2. Representational Standing Based on Feral's Interest Captive Antelope
 FOA plaintiffs also contend that Feral has standing based on her interest in the antelope species in captivity. FOA plaintiffs argue that Feral “suffered aesthetic injury as a result of viewing animals in captivity on hunting ranches” as part of her job as President of FOA. FOA Pls.' Mot Summ. J. at 38. Specifically, Feral declares that she visited three hunting ranches in 1991 and 2006 to observe their practices and viewed scimitar-horned oryx in captivity, as well as numerous pictures of hunters posing with dead scimitar-horned oryx, dama gazelle, and addax. The FWS responds that these visits cannot support Feral's claim of injury because during her visit in 1991 she does not declare that she viewed any of the antelope species subject to the Rule, and her 2006 visit was in May, several months after FOA filed its amended complaint. Further, the FWS argues, Feral has not declared any intention to return to any hunting ranches. The FWS is correct.FN3 Feral cannot establish standing based on an aesthetic injury suffered from viewing animals that may or may not have been scimitar-horned oryx, dama gazelle, or addax, and her May 2006 visit does not qualify because standing “depends on the facts as they exist when the complaint is filed.” See Lujan, 504 U.S. at 571 n. 4 (quoting Newman-Green, Inc. v. Alfonzo-Larrain, 490 U.S. 826, 230 (1989)) . FN4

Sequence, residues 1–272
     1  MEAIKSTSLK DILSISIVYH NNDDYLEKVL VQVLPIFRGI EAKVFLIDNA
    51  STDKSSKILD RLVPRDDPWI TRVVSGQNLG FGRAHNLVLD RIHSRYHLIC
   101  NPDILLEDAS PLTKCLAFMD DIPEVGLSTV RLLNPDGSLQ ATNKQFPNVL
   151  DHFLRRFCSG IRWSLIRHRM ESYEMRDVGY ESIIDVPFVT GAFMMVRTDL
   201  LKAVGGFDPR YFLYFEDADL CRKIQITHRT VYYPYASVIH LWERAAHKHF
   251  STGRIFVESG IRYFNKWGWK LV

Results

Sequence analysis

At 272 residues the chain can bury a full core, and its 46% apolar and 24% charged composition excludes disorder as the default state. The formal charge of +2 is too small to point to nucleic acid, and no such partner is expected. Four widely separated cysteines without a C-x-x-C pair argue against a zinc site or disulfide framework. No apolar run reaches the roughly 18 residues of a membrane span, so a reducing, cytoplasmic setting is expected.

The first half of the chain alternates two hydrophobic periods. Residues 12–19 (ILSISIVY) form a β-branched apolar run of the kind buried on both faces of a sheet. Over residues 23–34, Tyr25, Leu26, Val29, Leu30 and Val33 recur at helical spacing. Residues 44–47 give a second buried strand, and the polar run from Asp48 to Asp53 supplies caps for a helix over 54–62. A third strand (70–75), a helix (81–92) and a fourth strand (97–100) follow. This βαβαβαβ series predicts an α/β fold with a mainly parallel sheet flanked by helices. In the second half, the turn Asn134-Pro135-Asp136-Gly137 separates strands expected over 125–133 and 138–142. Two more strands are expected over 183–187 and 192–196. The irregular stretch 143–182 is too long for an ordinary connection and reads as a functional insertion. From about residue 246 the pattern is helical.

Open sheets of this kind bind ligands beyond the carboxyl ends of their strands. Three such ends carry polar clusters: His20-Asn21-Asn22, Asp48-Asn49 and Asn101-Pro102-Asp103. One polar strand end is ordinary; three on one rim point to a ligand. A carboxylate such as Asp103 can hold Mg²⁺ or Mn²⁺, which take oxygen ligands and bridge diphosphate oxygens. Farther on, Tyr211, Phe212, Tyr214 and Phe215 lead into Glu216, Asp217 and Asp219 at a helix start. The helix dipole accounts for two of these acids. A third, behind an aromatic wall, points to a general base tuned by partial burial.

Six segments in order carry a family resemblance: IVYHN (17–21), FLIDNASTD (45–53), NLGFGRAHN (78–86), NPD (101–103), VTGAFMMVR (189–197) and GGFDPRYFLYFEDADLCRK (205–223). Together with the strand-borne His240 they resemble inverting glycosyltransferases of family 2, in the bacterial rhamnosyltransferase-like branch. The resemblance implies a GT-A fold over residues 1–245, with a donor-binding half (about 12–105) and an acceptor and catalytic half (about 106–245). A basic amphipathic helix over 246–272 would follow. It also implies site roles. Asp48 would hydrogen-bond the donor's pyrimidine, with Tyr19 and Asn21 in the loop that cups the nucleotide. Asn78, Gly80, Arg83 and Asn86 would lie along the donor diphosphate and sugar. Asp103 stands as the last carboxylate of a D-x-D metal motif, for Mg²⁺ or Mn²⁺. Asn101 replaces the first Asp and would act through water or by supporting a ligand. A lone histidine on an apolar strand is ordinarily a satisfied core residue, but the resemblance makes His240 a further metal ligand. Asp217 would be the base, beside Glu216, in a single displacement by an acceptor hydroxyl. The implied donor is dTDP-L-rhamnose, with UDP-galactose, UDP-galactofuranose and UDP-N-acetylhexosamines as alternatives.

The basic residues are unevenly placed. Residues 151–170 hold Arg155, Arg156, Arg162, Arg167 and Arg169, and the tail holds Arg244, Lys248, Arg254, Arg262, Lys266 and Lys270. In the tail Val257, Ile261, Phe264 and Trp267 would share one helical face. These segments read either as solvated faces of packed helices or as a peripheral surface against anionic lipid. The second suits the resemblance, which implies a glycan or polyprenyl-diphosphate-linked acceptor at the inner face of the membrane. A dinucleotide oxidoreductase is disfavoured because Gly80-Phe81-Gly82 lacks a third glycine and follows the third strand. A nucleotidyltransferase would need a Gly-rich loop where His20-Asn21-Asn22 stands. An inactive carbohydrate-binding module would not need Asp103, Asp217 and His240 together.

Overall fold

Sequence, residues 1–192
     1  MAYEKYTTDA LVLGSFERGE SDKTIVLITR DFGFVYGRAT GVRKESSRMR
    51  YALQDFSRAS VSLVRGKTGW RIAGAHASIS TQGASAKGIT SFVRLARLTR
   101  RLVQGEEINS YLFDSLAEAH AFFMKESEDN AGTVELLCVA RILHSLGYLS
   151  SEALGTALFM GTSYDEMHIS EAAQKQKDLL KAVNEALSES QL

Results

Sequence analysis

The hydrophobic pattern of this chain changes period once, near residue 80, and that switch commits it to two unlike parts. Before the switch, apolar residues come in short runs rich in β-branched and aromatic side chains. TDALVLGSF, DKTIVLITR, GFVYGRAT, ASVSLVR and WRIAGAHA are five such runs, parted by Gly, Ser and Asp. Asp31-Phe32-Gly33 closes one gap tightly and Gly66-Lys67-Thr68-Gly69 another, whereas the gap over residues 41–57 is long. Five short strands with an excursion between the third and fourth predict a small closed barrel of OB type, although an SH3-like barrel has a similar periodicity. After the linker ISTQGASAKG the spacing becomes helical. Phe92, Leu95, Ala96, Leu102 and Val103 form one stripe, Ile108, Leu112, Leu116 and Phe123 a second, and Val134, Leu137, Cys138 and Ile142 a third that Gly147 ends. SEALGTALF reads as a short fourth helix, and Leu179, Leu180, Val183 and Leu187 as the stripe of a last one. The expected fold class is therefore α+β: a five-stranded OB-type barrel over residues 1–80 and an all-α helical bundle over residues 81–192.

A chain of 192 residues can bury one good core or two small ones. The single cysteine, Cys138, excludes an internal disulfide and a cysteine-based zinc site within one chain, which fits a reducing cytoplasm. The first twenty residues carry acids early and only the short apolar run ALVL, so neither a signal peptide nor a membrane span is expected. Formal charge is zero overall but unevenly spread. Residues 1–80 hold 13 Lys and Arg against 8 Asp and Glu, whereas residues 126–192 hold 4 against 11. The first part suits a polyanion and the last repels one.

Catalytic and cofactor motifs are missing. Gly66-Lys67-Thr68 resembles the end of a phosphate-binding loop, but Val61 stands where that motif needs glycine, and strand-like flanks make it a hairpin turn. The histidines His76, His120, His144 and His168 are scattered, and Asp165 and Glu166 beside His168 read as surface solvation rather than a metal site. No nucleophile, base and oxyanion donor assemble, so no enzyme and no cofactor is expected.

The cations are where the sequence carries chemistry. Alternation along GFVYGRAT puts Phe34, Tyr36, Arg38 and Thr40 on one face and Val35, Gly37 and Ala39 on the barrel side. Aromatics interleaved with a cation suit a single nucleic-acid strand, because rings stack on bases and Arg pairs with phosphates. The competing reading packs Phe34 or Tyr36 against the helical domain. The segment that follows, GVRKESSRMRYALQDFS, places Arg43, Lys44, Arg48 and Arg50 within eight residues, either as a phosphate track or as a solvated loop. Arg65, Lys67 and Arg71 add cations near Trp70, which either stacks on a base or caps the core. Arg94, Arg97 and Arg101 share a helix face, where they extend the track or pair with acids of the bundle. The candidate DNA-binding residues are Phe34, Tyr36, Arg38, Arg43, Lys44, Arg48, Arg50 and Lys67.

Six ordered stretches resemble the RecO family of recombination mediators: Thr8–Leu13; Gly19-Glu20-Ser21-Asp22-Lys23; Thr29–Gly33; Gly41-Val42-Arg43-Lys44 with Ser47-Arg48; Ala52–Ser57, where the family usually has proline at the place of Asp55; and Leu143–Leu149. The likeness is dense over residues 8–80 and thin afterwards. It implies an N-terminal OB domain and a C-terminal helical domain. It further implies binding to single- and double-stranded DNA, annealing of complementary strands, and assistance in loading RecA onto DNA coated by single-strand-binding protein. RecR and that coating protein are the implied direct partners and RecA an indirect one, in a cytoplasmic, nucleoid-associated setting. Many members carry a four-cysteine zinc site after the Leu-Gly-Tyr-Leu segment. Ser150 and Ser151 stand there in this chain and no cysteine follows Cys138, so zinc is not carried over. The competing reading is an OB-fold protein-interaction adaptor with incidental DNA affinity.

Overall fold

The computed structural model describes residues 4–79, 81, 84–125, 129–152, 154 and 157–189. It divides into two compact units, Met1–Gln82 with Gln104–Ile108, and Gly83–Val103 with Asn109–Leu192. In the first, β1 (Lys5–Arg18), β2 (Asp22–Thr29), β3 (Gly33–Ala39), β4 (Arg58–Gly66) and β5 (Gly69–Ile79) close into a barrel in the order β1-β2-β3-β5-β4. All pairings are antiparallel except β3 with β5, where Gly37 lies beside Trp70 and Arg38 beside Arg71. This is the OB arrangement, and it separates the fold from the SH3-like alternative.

3. Organizational Standing Based on an Informational Injury
*6 Both FOA and Cary plaintiffs assert organizational standing to challenge alleged violations of subsections 10(c) and 10(d) of the ESA based on an informational injury. They argue that these subsections grant a statutory right to information regarding each permit. The Rule, according to plaintiffs, eliminates these permit requirements and so deprives them of their statutory right to that information. The FWS responds that plaintiffs need to do more than assert a statutory right to information, but must also demonstrate a concrete harm to a particular organizational interest. Instead, according to the FWS, plaintiffs assert only a generally available grievance about the government. The FWS argues that the only particularized interest plaintiffs allege is a drain on their resources to educate the public and obtain information from other sources, and that plaintiffs lack the requisite specificity in their declarations to demonstrate this injury. The Safari Club further argues that a wealth of information was provided to plaintiffs through the promulgation of the Rule and that the information plaintiffs seek is available on the Internet. Plaintiffs are correct with respect to standing under subsection 10(c) and incorrect with respect to standing under subsection 10(d).
A plaintiff “suffers an ‘injury in fact’ when the plaintiff fails to obtain information which must be publicly disclosed pursuant to a statute.” FEC v. Akins, 524 U.S. 11, 21, 118 S.Ct. 1777, 141 L.Ed.2d 10 (1998); see Ethyl Corp. v. EPA, 306 F.3d 1144, 1148 (D.C.Cir.2002) (“a denial of access to information can work an ‘injury in fact’ for standing purposes, at least where a statute (on the claimant's reading) requires that the information ‘be publicly disclosed’ and there ‘is no reason to doubt their claim that the information would help them’ “ (quoting Akins, 524 U.S. at 21)). The harm to a plaintiff may be widely shared, but must be concrete and specific. Akins, 524 U.S. at 25. “Allegations of injury to an organization's ability to disseminate information may be deemed sufficiently particular for standing purposes where that information is essential to the injured organization's activities.” Competitive Enter. Inst. v. Nat'l Highway Traffic Safety Admin., 901 F.2d 107, 122 (D.C.Cir.1990).